In our July-August issue, Dr Robin Clark, Bupa Global and UK’s medical director, explained how the insurer is embarking on the first step towards finding ways to improve the nation’s health with the launch of its new Wellbeing Index.
Now he digs deeper into what the findings mean for the future – and the challenge for healthcare professionals trying to turn around the impact of Covid-19.
The Wellbeing Index
Carried out by Censuswide, this rolling dataset will track five key health and well-being metrics for 8,000 UK adults each quarter, capturing a range of health, well-being, lifestyle and behaviour datapoints to help us and our healthcare partners understand more about the nation’s health.
The survey population is split by demographics including sex, age and geographic location, which enables us to explore key trends and spotlight where there are potential issues, so that we can continue to design and deliver healthcare in the most impactful way.
Improving physical health is the priority
Unsurprisingly, the Bupa Wellbeing Index shows that physical health aligns with age – 51% of 16 to 24-year-olds and 56% of 25- to 34-year-olds assessed their health positively, compared to 45% of those over 65s.
And this trend is also seen when looking at those who rated their physical health as ‘very good’ – 18%, 15% and 11% respectively.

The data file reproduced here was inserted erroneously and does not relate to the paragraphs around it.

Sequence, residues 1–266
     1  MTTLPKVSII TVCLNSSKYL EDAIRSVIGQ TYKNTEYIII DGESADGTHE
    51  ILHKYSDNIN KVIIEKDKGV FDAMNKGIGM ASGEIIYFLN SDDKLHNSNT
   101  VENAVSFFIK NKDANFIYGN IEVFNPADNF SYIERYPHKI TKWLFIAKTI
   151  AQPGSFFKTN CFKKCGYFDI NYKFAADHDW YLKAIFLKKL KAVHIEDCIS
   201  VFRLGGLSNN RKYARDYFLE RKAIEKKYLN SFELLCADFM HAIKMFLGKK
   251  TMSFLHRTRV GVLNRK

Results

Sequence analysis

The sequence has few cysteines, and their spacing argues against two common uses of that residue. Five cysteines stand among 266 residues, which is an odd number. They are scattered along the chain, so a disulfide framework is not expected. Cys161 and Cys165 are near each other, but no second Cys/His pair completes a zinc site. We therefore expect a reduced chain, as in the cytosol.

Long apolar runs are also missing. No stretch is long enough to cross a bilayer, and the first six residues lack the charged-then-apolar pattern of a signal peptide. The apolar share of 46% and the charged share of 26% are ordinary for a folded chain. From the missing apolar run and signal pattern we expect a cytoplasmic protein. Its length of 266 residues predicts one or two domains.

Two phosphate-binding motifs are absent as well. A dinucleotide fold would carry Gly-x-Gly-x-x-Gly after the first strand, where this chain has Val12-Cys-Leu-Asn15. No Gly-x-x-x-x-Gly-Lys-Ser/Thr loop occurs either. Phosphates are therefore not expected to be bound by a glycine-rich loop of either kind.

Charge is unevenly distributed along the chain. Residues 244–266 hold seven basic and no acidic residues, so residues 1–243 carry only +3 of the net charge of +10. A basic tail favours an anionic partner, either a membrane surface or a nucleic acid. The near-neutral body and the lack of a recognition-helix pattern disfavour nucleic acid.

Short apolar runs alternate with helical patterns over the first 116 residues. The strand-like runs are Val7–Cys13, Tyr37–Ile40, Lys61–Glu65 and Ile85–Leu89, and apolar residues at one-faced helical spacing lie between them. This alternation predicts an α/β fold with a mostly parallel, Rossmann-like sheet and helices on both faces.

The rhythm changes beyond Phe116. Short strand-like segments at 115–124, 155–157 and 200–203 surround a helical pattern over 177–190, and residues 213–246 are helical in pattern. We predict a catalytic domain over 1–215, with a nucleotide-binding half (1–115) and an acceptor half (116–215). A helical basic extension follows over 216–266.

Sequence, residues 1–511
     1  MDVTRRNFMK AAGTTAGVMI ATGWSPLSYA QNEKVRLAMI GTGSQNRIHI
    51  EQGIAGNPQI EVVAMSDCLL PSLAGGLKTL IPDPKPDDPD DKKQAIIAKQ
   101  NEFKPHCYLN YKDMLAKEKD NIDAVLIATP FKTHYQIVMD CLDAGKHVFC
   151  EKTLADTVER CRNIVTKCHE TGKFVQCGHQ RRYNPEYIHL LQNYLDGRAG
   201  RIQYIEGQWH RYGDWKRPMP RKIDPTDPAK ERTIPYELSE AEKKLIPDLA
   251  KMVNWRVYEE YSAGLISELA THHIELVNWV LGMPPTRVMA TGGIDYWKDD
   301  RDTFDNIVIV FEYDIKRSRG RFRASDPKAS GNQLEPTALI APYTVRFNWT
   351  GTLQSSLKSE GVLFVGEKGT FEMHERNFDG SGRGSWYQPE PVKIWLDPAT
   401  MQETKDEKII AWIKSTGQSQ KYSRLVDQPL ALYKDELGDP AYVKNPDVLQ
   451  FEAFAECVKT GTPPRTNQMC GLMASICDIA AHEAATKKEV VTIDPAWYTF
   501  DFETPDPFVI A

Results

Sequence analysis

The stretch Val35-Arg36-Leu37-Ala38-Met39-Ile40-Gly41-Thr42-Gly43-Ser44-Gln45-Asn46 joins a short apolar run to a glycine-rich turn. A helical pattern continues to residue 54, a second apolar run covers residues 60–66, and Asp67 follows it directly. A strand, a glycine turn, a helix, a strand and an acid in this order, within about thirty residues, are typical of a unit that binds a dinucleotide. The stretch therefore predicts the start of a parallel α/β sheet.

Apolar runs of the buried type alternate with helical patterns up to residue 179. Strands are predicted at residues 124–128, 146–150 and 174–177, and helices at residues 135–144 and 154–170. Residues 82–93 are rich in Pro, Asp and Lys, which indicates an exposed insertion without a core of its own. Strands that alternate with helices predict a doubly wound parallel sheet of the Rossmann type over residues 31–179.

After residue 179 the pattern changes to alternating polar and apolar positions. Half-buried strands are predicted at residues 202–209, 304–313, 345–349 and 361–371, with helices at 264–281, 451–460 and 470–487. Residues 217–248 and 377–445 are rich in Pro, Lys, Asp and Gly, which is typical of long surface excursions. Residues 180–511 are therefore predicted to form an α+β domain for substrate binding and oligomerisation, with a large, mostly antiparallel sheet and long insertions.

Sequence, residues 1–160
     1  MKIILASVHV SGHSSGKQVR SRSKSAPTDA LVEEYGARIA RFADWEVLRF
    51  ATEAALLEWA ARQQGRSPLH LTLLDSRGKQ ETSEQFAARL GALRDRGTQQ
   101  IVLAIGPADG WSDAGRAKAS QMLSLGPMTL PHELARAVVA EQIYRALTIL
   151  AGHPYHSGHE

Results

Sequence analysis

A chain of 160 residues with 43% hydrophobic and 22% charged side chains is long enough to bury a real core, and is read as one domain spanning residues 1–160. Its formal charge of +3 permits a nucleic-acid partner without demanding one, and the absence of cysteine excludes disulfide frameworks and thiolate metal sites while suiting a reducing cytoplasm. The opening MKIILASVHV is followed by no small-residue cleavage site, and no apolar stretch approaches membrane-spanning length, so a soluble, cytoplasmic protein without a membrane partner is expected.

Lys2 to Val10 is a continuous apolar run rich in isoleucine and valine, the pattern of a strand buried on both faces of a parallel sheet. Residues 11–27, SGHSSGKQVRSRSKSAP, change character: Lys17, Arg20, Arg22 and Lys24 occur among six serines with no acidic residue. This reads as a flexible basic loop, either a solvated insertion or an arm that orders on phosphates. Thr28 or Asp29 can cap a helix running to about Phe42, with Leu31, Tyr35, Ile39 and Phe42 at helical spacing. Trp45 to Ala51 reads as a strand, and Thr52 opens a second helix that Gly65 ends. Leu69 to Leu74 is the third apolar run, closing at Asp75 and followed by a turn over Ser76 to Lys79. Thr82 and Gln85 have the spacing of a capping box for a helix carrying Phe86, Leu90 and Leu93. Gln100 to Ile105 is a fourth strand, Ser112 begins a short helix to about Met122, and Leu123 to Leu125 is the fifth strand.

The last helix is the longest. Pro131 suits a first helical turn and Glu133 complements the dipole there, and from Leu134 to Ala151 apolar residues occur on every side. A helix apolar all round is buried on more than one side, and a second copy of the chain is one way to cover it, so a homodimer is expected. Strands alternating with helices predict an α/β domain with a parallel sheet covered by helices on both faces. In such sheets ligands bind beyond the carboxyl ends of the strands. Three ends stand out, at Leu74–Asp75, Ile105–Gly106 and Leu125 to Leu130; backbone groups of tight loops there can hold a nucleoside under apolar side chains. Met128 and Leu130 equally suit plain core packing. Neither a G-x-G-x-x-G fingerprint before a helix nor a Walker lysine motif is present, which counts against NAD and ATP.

For over-65s, the Index shows that some of people’s most pressing health concerns include back, neck or joint pain (27%), their weight (25%), and their level of physical fitness (22%).
One study from the US shows that overall sedentary behaviour has also increased, with physical activity among the already active dropping by a third and already sedentary people remaining so.1
Sedentary lifestyles are now a public health emergency, with the World Health Organization warning that physical inactivity is the fourth leading risk factor in deaths globally.2
Researchers define sedentary behaviour as anything we do when we are awake which has a metabolic equivalent task (MET) of 1.5 or less. MET is a measure of how many calories we are burning.
This raises important questions about how we can best support an ageing population in continuing in good health for as long as possible.
However, we should not be disheartened; studies show that each positive change a person makes, no matter how small it may seem, will deliver benefits. Every journey is a series of small steps.
We know that physical activity such as walking, gardening, lawn bowls or swimming is one of the best things people can do to reduce dementia risk. Given rising dementia rates, one of the simplest steps we can take is to encourage people to take up an active hobby.
In some areas where exercise on prescription is available, it may be suitable to encourage increased activity which has already been used to help mental health.
The UK Chief Medical Officers recommend3 at least 150 minutes of moderate intensity activity – such as brisk walking or cycling – or 75 minutes of vigorous intensity activity, such as running, a week for adults aged 19-64 years.